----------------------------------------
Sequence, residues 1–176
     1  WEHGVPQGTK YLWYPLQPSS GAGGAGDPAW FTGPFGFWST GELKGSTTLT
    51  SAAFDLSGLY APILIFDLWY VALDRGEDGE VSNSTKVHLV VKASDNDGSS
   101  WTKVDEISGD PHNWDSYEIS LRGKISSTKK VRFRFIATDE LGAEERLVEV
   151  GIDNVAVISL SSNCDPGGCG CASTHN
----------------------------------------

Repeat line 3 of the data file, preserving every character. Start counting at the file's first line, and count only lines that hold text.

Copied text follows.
    51  SAAFDLSGLY APILIFDLWY VALDRGEDGE VSNSTKVHLV VKASDNDGSS